In three recent, separate incidents across the country, hazmat teams were called out to investigate suspicious substances. Taken together, they give us reason to review some precautions and best practices when confronting these types of calls.
The first goes down as the most likely of the three to be an innocent mistake. WHO 13 reports that in late November hazmat teams were called to the Iowa Supreme Court building in Des Moines for a white-powder substance in the mailroom.
Hazmat crews were on scene for about an hour; testing showed the substance was safe. It appears someone tried to mail a seashell, which broke apart.
The second incident took place the same week in Baton Rouge, La. While no one was sickened, three were sent to the hospital and cleared. Of the three incidents, this is most likely to be a hoax.
KLFY reported that three bank employees were in contact with suspicious flyers left in the night drop box. The Baton Rouge Fire Department said at least five other businesses received the same flyers. Several businesses in the area were evacuated.
The FBI took over the investigation, which was still going on.
Finally, hazmat teams in Malden, Mass. were dispatched just before Thanksgiving for a suspicious substance. This, of the three, presented the most real threat.
The call began when police, fire and EMS responded to an apartment for an EMS call. Boston 25 reports that when police arrived they found a white substance in the apartment.
Hazmat units were called and their analysis showed the substance was fentanyl. Hazmat crews cleaned the scene and there were no reported injuries or resulting illnesses.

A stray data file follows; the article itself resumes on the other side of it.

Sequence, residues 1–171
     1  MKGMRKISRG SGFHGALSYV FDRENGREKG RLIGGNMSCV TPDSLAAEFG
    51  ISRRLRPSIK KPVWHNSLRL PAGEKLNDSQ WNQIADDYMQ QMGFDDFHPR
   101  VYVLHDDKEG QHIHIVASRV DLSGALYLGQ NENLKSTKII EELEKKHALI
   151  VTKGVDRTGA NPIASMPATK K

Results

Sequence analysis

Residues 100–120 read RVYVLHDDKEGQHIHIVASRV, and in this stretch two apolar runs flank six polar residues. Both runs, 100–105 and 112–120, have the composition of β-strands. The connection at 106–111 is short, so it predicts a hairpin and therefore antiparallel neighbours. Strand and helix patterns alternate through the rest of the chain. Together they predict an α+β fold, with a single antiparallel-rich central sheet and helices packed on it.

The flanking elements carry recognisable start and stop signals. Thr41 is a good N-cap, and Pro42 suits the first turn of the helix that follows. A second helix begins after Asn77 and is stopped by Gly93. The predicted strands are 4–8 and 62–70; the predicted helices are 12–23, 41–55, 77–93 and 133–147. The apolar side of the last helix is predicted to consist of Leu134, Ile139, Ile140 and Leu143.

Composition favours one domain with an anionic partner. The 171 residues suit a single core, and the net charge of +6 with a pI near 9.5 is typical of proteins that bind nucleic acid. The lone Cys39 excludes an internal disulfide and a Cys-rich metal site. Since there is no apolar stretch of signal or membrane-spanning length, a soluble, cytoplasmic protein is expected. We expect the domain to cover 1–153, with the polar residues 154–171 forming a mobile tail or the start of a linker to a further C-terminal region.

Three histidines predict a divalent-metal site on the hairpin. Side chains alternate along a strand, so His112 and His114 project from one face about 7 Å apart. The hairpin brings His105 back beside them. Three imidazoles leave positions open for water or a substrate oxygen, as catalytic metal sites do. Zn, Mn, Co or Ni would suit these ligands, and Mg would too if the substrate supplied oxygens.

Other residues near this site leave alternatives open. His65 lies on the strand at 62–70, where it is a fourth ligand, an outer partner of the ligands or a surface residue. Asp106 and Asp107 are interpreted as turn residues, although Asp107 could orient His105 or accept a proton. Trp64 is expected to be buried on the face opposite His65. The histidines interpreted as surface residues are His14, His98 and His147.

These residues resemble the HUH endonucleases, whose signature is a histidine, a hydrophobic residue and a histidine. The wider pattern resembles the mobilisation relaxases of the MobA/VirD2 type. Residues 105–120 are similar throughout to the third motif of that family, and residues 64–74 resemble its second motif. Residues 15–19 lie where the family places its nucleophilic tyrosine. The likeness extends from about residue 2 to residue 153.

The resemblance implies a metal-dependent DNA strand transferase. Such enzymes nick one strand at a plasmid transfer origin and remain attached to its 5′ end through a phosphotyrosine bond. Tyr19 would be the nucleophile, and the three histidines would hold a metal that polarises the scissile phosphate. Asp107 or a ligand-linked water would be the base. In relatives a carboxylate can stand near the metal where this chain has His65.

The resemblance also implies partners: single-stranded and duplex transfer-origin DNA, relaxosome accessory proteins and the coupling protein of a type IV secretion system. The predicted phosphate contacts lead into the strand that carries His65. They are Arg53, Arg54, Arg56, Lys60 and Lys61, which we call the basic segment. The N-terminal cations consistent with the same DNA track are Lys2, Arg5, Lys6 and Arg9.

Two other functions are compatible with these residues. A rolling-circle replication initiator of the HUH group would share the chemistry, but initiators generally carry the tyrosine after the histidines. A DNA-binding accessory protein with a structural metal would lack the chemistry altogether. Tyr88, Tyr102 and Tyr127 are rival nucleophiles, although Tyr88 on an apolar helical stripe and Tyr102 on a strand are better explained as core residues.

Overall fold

Also Read: 3 Tips for a Safer Illegal Drug Lab Response
Here’s a look back at our top three tips to remember when handling these calls.
It has been said over and over, but it is critical to train with other responders before a real call comes in. In these cases, hazmat teams had to work side-by-side with law enforcement. Getting on the same page early in the emergency comes from practicing together and learning each other’s needs and expectations.
Team leaders who will serve as incident commanders need to train on which scenarios require what level of public protection. In one instance above, shelter in place was ordered, while a small evacuation was undertaken in the other. Get that protection activated quickly in case things go sideways early.
Train first-due firefighters on suspicious packages and substance evolutions. These don’t require a lot of props and can be done inside most firehouses. Make sure the training involves both false alarms and real substances. Most of all, make sure the evolutions focus on problem-solving skills.
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